Compass Box The General: You've got to have a holy grail, and this new, very limited release from innovative London-based Scotch whisky blenders Compass Box is a good one. Like some other recent higher-end releases (The Glenlivet Alpha comes to mind), there's an element of trust here: The producers have opted to not go into great detail about the components, blended Scotch whiskies from two companies. One's been sitting for 33 years and the other, Compass Box claims they can't disclose for fear of violating Scotch whisky regulations (would they have to kill you?). "We know little of the component whiskies,” says the release, and while they reveal there's a combination of American bourbon whiskey and sherry casks involved in the blending, "the provenance wasn't really important." What's important is the taste, a deep, "antique" whisky rich in dried fruits and old sherry wine notes. Given Compass Box's hugely successful track record with previous expressions, we're ready to march into battle with The General. Only 1,600 bottles were made. 53.4% ABV, $300
Mama Walker's Maple Bacon Liqueur: You know that thing when you crave a Denny's breakfast at 2 a.m.? Mama Walker's has captured that feeling in bottle form with the release of three breakfast-themed liqueurs: Maple Bacon, Glazed Donut and Blueberry Pancake. It's a grand slam of sugary vodkas with scents and flavorings geared to make you wake up and search out the coffee. The liqueurs do a good job of emulating their namesakes, if that's what you're after. Maple Bacon starts off smelling and tasting like so much Mrs. Butterworth's syrup. But the bacon, crispy and well-fried, kicks in at the finish, and immediately brings to mind camping at cabins by the lake, a small fire growing, stoked by whoever woke up less bleary-eyed before you. Is that so wrong? 35% ABV, $13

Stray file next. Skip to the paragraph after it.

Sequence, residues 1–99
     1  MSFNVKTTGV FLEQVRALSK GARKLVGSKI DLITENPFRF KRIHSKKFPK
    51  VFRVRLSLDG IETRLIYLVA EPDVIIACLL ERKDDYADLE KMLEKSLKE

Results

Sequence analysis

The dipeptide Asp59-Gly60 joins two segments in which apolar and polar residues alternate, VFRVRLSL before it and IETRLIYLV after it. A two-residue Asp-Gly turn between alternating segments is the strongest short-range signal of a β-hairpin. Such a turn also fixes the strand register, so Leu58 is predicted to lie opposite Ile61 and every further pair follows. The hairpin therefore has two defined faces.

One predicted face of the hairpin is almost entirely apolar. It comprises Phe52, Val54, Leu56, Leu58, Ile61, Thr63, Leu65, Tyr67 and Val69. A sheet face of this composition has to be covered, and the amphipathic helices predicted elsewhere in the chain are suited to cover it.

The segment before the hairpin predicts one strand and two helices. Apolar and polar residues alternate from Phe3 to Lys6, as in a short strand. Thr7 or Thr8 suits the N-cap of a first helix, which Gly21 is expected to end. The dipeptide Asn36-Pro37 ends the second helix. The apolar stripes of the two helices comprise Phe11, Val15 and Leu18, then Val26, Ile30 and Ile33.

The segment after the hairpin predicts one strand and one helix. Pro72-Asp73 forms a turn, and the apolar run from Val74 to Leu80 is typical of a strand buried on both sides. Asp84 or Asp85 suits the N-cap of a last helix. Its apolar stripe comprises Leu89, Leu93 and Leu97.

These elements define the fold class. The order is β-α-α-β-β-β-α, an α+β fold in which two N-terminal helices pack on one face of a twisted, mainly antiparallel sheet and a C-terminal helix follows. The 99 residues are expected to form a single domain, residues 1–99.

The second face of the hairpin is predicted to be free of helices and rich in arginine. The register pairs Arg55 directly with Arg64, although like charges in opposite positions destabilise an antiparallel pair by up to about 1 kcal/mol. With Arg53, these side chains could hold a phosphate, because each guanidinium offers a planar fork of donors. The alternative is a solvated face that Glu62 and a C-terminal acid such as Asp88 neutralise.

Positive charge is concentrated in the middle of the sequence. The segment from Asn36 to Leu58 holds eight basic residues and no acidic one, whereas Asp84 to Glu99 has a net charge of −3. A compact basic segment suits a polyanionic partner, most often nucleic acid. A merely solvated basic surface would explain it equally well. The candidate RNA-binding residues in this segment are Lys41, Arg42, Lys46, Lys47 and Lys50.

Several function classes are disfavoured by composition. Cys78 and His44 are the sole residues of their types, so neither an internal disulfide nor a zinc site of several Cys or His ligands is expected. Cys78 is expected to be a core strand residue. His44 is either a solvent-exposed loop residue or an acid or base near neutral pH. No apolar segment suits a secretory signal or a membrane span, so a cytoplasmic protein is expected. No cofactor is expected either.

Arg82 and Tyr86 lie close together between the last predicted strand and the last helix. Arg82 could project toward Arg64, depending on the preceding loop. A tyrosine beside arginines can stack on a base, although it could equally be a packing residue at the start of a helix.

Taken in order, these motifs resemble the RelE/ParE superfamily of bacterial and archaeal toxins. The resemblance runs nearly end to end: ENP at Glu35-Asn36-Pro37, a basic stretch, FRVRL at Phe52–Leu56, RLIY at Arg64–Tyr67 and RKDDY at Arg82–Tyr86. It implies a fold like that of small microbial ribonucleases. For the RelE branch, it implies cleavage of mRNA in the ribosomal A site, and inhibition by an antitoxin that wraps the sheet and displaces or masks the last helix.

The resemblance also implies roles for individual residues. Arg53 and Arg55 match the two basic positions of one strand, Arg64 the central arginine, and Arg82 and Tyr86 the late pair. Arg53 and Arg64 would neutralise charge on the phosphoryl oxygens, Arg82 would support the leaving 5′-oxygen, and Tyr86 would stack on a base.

Old Blowhard 26-Year Bourbon: "It's rare to see [American] whiskeys at this age," says Diageo master of whiskey Ewan Morgan about Old Blowhard, part of a series of "forgotten" whiskeys from Diageo's new Orphan Barrel Whiskey Distilling Company (a distillery in name only). Created at the old Bernheim Distillery (now closed) and stored at the old Stitzel-Weller distillery (also closed), Old Blowhard has been brought down from cask strength (148.7 proof) to 90.7 proof. It's a pretty big whiskey in its own right, but it still has so much flavor. On the nose, toasted oak, smoked vanilla, creme brulée. On the palate, big and bright, with a brave bite. Notes of caramel, vanilla, toasted dill, orange peel and candied fruit. Easier to find (and cheaper) than Pappy Van Winkle 23-Year, and even older. 45.35% ABV, $150